54 thoughts on “The enduring Yaesu FT-817 and FT-818 series transceivers”

  1. My first QRP radio was the Yaesu FT-817, the original. I bought it used, and paid a fair price for it, I loved it, and usually used it in my Jeep, atop a mountain.

    I still love the radio, I just need to dust it off. My KX2 fills most of my dance card.

    This is a very compressive review. And I noted the lack of 500Hrz filters… I happen to have collins uninstalled somewhere in my spares.

    The front BNC delivers more power than the rear antenna port, so I opted to use that one most often.

    Plugged into my Jeep’s DC, I didn’t worry much about power draw. It was easy to take along.

    I put rails on it, and had the bHi filter installed… which was installed incorrectly. (I think it may be some errant solder)(I need Vlado to look at it).

    Smaller compact radios come along, and I’ll likely buy/build those whose field utility, and function entice me enough.

    But when they’re set aside, I usually try to sell them, or give the away. I won’t do that with the Yaesu.

    Great article!

    1. An FT-817 and a Jeep would pair beautifully! 🙂

      And I hear you about the KX2. It’s such an amazing radio, frankly, it could do all of your radio work. But having the Ft-817 as an option from time-to-time is a very good thing!

  2. Excellent article Thomas and I agree with all your observations and findings.

    I bought my FT-817(non ND) 20 yrs ago and it has been a literal workhorse for me over 2 decades of portable operation. For the past year I’ve been using this rig in conjunction with the CQHam TB box and case.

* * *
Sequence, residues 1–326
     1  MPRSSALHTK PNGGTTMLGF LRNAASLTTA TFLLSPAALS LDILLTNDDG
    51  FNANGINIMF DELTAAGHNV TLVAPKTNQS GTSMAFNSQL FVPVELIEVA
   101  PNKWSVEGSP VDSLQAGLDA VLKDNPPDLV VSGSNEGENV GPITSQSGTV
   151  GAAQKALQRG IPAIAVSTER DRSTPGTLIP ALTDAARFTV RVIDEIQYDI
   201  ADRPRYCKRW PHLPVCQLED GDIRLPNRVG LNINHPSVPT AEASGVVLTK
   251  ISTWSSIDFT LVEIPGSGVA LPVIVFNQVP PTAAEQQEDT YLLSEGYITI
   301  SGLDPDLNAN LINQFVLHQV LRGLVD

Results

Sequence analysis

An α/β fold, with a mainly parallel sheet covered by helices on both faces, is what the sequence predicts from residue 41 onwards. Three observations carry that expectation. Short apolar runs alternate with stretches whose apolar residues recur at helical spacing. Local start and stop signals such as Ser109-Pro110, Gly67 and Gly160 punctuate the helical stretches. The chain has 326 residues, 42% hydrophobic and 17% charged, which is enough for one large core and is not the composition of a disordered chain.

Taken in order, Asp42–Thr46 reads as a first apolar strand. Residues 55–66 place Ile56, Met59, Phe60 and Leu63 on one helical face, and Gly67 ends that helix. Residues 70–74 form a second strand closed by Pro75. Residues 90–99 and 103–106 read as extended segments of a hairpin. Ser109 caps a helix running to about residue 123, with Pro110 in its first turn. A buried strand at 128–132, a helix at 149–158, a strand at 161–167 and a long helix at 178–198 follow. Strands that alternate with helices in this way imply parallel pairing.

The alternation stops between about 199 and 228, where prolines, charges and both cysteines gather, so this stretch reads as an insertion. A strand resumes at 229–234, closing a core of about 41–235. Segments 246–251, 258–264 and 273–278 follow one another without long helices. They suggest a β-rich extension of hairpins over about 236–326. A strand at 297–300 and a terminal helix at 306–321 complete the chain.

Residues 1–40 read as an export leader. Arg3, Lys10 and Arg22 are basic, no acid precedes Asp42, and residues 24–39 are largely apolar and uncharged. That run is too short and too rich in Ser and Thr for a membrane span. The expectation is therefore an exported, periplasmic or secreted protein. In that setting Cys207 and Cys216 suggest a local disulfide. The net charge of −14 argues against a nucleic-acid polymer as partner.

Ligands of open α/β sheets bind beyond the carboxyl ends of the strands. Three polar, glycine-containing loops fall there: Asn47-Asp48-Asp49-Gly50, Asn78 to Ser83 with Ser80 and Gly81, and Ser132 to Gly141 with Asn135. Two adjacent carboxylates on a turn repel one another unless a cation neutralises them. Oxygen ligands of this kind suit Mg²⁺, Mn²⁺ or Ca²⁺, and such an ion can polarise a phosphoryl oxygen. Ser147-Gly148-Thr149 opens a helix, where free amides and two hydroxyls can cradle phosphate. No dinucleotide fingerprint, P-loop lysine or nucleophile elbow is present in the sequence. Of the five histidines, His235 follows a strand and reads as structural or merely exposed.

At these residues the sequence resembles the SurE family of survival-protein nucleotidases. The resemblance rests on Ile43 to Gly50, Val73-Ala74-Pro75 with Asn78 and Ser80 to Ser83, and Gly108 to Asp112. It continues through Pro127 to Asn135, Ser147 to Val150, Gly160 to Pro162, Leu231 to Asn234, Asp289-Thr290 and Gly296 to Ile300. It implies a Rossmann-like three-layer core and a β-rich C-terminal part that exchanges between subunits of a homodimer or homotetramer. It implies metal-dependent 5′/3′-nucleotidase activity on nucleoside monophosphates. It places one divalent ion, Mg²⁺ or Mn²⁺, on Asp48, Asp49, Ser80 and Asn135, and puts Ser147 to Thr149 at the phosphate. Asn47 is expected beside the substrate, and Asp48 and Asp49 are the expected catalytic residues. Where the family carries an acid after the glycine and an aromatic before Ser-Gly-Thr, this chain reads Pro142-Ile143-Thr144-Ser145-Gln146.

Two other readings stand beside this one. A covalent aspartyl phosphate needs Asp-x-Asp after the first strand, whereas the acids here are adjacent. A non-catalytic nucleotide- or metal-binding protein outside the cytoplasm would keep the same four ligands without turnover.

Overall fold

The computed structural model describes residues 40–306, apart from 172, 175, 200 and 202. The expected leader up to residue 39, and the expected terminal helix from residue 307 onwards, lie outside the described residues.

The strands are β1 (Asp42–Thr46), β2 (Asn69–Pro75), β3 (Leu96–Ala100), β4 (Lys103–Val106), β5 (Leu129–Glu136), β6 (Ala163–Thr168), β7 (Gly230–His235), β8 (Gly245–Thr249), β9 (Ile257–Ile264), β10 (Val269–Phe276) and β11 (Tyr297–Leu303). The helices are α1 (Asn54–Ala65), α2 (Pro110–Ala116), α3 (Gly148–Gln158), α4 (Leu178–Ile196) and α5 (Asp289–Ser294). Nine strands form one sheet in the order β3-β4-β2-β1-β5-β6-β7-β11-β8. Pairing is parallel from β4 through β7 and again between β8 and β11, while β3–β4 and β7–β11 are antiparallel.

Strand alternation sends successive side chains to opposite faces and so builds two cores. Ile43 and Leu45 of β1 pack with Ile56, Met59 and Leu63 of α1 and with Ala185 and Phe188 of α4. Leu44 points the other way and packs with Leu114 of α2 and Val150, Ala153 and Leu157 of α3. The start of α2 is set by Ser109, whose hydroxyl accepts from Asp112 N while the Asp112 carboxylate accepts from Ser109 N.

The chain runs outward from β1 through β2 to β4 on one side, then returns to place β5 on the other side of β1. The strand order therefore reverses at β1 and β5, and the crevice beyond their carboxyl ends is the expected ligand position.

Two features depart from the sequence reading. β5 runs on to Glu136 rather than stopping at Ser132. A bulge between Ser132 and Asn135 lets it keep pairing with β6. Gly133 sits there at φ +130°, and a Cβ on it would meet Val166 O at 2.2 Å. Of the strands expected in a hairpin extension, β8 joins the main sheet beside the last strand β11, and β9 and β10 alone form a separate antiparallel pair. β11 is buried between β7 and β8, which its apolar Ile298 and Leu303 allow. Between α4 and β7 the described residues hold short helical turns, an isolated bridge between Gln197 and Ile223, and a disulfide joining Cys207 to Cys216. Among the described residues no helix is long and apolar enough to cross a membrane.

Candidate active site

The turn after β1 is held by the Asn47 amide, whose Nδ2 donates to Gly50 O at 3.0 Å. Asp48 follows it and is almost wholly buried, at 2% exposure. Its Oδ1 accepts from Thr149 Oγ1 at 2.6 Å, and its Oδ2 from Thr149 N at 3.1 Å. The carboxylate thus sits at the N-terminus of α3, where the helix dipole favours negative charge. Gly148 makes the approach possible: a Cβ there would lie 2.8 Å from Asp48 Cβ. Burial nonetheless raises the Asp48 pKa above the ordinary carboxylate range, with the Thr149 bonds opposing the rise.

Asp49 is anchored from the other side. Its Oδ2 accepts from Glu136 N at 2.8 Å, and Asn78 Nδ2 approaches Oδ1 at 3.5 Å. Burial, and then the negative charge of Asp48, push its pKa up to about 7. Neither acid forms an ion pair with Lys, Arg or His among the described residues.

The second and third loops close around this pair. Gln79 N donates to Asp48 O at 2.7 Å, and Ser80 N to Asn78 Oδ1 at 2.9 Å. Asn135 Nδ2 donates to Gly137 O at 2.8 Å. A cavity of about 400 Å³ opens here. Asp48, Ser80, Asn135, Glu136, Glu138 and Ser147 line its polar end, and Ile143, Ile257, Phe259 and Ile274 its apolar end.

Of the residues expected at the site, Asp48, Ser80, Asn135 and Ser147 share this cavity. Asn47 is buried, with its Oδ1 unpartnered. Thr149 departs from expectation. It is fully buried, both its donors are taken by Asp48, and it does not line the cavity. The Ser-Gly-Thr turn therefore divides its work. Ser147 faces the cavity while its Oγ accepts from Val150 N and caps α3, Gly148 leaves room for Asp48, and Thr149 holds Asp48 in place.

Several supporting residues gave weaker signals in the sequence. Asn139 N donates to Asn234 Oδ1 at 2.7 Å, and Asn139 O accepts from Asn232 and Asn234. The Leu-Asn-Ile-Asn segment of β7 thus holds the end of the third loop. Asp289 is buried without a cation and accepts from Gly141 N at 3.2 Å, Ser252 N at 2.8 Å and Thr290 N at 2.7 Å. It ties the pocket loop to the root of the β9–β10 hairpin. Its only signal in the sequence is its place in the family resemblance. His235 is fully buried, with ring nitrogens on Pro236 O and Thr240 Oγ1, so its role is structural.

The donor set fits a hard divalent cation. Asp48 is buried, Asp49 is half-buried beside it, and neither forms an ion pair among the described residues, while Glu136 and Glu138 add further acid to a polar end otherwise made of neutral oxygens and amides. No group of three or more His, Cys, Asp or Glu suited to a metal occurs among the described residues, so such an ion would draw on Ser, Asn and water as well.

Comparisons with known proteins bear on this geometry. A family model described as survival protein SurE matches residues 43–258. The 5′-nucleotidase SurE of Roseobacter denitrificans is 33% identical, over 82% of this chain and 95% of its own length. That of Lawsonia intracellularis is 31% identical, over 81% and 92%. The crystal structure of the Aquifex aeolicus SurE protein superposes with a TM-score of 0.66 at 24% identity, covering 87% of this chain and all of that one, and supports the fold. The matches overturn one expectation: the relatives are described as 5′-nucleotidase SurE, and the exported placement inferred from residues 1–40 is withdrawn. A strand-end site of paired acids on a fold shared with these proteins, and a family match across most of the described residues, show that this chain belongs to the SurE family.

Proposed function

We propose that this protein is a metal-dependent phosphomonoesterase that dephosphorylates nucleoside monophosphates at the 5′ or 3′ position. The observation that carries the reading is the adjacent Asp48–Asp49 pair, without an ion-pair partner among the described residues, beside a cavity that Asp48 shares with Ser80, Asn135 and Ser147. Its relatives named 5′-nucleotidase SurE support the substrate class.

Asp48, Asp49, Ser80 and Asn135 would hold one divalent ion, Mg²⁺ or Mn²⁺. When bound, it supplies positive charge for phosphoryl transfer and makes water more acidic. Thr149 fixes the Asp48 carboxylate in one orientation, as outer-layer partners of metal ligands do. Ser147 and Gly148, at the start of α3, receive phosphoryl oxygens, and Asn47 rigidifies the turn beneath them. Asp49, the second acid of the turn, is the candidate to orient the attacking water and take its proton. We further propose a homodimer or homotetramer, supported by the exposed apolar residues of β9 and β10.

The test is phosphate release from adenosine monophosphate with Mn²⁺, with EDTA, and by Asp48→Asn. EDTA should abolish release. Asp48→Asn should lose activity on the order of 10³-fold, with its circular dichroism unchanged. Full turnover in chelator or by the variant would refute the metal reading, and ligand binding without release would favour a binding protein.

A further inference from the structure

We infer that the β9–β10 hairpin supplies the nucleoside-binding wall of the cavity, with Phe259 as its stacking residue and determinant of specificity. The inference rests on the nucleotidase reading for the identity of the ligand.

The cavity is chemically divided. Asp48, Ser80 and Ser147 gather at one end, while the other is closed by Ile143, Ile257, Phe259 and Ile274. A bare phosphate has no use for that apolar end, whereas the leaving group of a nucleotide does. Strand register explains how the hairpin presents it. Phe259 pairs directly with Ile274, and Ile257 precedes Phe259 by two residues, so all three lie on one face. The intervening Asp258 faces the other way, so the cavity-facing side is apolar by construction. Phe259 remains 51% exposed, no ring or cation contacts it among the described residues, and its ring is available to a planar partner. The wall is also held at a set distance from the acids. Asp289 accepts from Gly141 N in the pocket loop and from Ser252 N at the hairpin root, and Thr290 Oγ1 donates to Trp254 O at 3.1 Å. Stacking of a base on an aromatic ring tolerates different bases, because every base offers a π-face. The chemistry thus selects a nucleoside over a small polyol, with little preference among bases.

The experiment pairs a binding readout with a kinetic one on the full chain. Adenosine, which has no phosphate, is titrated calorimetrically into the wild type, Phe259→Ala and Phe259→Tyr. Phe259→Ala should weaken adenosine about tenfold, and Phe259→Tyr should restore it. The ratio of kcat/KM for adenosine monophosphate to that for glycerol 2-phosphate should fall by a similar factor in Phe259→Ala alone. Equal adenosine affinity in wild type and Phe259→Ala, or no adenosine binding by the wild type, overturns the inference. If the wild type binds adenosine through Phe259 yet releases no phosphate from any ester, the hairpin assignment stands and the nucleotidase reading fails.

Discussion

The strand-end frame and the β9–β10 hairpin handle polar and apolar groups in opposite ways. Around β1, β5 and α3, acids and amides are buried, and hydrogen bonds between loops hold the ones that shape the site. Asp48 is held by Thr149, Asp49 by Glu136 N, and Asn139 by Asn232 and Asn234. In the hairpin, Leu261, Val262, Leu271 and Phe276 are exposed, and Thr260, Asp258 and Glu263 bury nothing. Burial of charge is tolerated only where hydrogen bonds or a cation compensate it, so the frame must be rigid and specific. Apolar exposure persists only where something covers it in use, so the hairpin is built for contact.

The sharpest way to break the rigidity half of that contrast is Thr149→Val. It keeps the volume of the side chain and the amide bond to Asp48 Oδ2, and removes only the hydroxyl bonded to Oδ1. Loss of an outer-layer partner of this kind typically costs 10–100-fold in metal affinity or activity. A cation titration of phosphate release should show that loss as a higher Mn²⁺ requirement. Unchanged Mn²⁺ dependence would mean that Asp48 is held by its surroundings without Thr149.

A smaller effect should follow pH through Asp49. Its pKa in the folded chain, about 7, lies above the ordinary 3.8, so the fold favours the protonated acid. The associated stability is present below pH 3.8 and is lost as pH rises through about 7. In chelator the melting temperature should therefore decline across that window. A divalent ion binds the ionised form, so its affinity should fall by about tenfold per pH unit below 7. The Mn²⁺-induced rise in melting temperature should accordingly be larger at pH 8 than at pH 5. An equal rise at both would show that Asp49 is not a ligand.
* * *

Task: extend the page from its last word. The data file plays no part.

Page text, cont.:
About 5 yrs ago I purchased another brand new FT-817 but this time the ND model. Rumours were swirling that production of the 817 would soon be halted and there was no promise at that time for a replacement. I still own that brand new FT-817ND, unused in the factory box and doubt I’ll ever part with it.

  3. The original non-ND 817 was my first HF rig over 20 years ago and I still own it but rarely use it. The finals died and were replaced with the newer more reliable board. It was fun to use when I was a SSB op; I took it out to the field and made a lot of contacts (even DX during the last solar max).

    Then I became a CW operator and needed a rig with more CW-friendly features. I will probably sell it and buy a QCX now.

    1. You certainly could, but I’ll admit: I think the 817 is a fine CW machine when it has a narrow filter. I love the QSK.